Renewable energy refers to the sources of energy that are continuously replenished naturally or artificially. Examples of renewable energy include solar, wind, biomass, geothermal, and hydrogen.
Compared with non-renewable options, these forms of energy are considered environmentally friendly because they do not add to the greenhouse gases that are believed to have a negative effect on the environment.
Solar energy is considered to be one of the best renewable energies because it can provide complete independence from non-renewable sources. An alternative option is wind power, which generates electricity using wind turbines. While solar panels are used in homes, large utility-scale wind turbines are used to generate electricity in a power grid.
In 2016, hydroelectric energy accounted for about 7% of the total renewable energy produced worldwide. The remaining 93% came from other sources such as biomass, solar, and geothermal which together contributed 17%. In 2015, global investment in renewable technologies continued its rapid rise.
It was reported that investors poured $286 billion into renewables, representing a 23% increase over 2014 and bringing the total to more than 2 trillion U.S. dollars of investment since 2004.
As of 2016, China led in terms of renewable energy investments with $ 102 Billion U.S. dollars, followed by Japan at $ 57 Billion.
The United States stood third in terms of investments with $ 44.1 Billion dollars.
Other countries that have invested heavily are UK at $ 22.8 Billion ; Germany at $ 17.4 Billion; India at 14,7 billion; South Korea at 12,7 billion; and Australia at 9,7 billion U.S. dollars.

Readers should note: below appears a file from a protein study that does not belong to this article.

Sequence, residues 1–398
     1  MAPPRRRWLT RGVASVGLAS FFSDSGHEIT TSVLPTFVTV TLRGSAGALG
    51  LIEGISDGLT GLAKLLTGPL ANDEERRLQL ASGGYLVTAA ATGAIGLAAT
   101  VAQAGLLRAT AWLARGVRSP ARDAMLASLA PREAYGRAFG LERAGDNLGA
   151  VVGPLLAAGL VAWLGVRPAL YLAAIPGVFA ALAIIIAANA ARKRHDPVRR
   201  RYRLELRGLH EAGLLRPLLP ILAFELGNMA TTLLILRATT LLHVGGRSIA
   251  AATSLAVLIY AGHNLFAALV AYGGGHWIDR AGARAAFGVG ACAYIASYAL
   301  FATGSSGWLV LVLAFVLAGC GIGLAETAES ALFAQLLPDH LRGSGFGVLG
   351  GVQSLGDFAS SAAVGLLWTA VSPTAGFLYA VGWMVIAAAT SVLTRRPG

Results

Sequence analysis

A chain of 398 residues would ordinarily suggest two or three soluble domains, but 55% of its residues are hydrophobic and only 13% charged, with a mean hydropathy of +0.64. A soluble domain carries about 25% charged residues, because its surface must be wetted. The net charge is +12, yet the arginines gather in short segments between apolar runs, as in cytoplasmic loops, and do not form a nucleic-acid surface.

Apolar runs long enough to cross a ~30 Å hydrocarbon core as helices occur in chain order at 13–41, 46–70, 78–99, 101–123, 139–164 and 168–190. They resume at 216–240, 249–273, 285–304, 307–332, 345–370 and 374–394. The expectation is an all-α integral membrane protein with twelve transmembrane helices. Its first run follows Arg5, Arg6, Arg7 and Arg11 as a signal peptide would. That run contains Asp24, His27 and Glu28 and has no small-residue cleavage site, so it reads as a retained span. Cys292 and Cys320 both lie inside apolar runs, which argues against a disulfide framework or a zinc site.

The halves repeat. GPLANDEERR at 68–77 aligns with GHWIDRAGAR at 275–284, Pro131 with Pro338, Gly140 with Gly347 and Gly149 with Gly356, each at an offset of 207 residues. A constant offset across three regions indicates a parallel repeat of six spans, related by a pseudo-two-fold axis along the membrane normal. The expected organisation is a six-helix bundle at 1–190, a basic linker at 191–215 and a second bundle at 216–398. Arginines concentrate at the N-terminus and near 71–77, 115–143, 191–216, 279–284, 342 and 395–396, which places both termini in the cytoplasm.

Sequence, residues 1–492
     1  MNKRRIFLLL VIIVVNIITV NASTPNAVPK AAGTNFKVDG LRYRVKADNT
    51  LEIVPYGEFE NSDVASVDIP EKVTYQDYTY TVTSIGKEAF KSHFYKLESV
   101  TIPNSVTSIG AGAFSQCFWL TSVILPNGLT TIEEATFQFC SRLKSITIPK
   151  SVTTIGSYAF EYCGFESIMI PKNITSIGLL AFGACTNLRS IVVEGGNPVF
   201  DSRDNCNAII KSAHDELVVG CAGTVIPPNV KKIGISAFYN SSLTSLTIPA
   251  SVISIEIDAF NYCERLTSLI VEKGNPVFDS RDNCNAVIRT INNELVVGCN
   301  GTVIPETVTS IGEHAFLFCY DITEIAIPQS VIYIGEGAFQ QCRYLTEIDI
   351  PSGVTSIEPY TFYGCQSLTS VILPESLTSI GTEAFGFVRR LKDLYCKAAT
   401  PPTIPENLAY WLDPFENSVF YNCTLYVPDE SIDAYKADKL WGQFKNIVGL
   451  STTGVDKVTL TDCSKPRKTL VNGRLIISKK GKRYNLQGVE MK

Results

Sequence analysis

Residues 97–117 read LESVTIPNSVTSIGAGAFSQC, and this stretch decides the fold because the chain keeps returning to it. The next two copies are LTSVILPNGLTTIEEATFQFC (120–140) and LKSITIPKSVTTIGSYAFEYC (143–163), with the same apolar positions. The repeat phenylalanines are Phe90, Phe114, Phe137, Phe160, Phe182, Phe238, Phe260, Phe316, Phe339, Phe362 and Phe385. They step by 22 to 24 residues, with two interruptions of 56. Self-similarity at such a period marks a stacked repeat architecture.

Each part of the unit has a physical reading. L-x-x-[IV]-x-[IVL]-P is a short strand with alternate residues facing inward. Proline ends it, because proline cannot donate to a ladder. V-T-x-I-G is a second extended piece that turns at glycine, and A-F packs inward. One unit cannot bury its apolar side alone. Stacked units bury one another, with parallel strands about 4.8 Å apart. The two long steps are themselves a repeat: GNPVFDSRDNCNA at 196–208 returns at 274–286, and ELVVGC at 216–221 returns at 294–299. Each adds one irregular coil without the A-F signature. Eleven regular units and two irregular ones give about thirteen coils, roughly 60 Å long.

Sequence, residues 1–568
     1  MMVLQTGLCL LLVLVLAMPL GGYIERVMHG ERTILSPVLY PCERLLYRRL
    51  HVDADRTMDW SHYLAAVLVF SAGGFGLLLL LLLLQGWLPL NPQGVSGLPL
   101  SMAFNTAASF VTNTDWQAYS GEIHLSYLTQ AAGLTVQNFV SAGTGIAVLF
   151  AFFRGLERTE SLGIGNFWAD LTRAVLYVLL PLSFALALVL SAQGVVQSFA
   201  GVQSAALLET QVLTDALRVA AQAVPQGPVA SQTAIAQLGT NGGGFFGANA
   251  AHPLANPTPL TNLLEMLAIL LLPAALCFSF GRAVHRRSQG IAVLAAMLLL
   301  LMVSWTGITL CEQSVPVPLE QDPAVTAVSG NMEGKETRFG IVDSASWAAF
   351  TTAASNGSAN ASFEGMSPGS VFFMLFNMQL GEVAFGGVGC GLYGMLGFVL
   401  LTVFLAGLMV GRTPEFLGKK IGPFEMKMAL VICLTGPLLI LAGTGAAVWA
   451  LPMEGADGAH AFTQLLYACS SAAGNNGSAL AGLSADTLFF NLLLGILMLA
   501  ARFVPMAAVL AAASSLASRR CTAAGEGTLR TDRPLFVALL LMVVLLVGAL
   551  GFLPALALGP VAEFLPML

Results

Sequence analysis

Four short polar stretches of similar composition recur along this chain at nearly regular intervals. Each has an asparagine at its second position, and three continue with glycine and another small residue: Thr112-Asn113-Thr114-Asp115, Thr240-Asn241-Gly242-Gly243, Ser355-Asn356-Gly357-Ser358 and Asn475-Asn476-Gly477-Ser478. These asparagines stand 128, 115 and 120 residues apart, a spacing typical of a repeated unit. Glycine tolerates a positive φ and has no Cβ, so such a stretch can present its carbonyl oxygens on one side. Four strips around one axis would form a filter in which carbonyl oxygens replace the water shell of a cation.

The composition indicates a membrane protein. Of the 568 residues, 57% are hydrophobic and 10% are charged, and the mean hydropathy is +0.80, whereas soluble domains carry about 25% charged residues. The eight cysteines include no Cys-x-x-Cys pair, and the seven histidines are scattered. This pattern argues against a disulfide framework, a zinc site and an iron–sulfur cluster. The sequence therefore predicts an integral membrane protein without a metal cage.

Renewable energy is also considered to be the most cost-effective means of generating electricity. This has made it attractive to governments, which are in favor of projects that will result in low or no cost power supply.
A notable example is the price difference between solar and non-solar energy in Germany, which was reported to be lower by 40% to 50%.
This is expected to be the case with other areas that are investing heavily in renewables.
As of 2016, solar energy accounted for almost half of all renewable energy generated worldwide. Wind power accounted for 35%; biomass contributed 13%; geothermal was responsible for 3%, and hydroelectricity contributed 1%. The remaining 1% was from other sources.
Renewable energy has also become more affordable since it first began to be used. For example, solar power was once considered too expensive as an alternative source of energy, but now many countries are using it to provide electricity.
Renewable energy resources are available all over the world, allowing countries to source their energy needs from nearby sources rather than having to import expensive fuels.
They can also provide cost-effective power generation for isolated communities that are not connected to the national grid.